BY ETHAN FORMAN
---- — DANVERS — Selectman Dan Bennett, a self-employed real estate broker with 20 years of public service, says one of his strong suits is he’s a people person.
“I’m a good listener,” the two-term incumbent says.
Selectman Keith Lucy, an electrical engineer who is running for his fourth term in the upcoming May 7 Town Election, is focused “on the most effective and most efficient way to spend your tax dollars.”
David Mills, a retired 11-year Massachusetts Appeals Court Judge who has lived in town most of his life, said his personal connection to the town is his strength as he runs for one of the two open seats.
“I like this town,” Mills said, a former town moderator. “I feel real connected.”
All three candidates for two three-year terms on the Board of Selectmen took part in a debate last night that was broadcast by Danvers Community Access Television and moderated by Beverly resident Todd Feinburg, a former radio show host.
Salem News Editor David Olson, Danvers Herald Editor Jeff Pope and Danvers Patch Local Editor John Castelluccio asked the questions.
With a week left to campaign, Bennett, Lucy and Mills had a congenial debate, focused on topics ranging from holding the line on tax increases to a proposed moratorium on medical marijuana dispensaries.
All three candidates favor the idea of a moratorium on dispensaries to give the town time to see what the state Department of Public Health has in store as far as regulations go.
When asked how the board could keep taxes down, all three agree that the best they could do would be to moderate increases.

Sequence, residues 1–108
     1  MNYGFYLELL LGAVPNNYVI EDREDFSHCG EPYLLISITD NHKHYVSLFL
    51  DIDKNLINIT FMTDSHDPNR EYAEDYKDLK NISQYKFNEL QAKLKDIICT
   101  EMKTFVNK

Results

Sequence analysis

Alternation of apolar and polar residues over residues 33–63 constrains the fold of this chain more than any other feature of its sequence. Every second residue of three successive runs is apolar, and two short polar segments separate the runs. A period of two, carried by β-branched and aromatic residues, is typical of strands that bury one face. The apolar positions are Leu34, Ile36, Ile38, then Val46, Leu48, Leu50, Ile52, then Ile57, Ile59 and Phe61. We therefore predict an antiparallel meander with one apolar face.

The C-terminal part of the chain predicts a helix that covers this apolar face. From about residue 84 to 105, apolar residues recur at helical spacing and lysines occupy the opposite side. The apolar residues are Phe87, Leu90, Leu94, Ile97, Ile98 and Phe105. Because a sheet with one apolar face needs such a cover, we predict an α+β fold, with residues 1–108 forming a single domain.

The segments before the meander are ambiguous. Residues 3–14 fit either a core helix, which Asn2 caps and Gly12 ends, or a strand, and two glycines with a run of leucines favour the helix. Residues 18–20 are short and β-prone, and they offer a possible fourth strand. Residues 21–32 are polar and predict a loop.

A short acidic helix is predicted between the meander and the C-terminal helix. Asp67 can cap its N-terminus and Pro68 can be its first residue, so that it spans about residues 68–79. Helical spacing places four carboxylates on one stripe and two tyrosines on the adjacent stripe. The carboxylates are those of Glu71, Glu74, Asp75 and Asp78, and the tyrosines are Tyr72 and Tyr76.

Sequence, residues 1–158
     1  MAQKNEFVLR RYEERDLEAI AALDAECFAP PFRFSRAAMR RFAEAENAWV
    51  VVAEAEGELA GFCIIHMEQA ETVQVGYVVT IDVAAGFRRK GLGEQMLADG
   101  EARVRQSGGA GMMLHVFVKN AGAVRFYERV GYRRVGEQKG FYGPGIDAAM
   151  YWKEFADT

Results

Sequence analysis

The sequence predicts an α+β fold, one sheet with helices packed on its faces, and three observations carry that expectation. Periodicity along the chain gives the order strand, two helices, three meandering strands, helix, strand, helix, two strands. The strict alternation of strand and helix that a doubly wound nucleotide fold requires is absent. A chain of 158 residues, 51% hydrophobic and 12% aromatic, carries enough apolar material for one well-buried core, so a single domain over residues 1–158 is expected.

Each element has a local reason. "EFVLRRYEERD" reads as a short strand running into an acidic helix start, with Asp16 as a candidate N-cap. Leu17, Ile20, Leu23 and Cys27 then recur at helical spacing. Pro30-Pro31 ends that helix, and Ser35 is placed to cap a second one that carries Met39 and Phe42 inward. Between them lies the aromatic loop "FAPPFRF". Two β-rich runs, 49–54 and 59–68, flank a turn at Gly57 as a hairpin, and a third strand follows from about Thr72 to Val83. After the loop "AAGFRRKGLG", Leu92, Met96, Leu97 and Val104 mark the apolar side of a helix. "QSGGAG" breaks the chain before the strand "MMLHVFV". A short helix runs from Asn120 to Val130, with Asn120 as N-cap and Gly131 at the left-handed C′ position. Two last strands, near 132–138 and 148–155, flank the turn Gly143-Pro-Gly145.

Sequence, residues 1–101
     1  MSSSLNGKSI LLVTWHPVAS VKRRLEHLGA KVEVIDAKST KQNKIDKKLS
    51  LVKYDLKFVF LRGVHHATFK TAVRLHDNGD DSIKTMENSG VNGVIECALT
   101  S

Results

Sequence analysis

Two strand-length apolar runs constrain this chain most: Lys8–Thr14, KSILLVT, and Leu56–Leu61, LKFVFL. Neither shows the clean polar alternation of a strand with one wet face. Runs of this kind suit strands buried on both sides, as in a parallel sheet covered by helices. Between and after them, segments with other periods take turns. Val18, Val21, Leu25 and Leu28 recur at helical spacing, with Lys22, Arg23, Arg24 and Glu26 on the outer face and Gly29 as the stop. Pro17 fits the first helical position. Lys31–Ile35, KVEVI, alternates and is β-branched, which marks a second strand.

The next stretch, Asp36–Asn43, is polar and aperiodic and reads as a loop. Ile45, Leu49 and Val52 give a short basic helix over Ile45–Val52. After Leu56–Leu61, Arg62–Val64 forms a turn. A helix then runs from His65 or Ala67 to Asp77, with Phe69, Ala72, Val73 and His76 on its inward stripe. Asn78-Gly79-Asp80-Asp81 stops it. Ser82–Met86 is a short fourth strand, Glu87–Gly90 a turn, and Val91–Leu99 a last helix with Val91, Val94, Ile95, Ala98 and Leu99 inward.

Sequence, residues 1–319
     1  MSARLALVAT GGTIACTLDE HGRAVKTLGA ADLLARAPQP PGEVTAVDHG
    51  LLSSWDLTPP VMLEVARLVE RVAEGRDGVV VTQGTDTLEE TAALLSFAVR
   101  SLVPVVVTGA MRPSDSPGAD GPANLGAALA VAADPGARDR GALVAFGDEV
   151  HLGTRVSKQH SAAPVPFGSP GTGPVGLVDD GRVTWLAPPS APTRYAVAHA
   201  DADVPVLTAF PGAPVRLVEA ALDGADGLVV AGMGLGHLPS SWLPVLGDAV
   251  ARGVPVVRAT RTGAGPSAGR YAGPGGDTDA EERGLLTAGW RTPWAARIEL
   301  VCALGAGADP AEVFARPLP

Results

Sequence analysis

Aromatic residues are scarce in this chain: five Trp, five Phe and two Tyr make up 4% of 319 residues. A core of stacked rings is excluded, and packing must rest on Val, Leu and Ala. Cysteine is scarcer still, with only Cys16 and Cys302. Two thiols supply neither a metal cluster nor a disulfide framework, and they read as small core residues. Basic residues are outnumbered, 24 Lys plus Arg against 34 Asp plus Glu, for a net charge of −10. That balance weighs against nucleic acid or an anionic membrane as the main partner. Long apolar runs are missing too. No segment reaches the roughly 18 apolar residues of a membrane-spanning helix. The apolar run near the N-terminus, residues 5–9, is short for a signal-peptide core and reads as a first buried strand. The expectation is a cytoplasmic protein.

“It’s very difficult to find fat” in the town budget, Bennett said.
Lucy said the key would be to “maximize outside revenue.” Even though he does not favor a slots parlor at the Liberty Tree Mall, he used that as an example of how the town needs to find outside sources of revenue. The town has to push for more state aid, Lucy said.
“What can be done to lower taxes? Nothing,” said Mills, who said he cannot remember the taxes going down in the past 50 years. Making government more transparent is the best way to moderate tax increases, he said.
The idea of a slots parlor at the mall, Bennett said, “makes no sense.”
Lucy said that while selectmen “got into a little bit of trouble in the paper” for meeting individually or in pairs with representatives of the slots casino developer, he said the town has not heard back from them since then.
“They understood, they heard it, and I think we will see the last of them,” Lucy said.
Mills said the issue of a slots parlor was “a nonissue,” given there is no application before the town. If there was one, it would have to be dealt “in accordance with whatever the law is.”
While Mills said he likes the idea of regionalization when it comes to emergency dispatch, he would not favor it if it cost too much. Bennett and Lucy both favor upgrading the town’s emergency communications without joining the regional dispatch center that has been built at Middleton Jail.
Staff writer Ethan Forman can be reached at 978-338-2673, by email at email@example.com or on Twitter at @DanverSalemNews.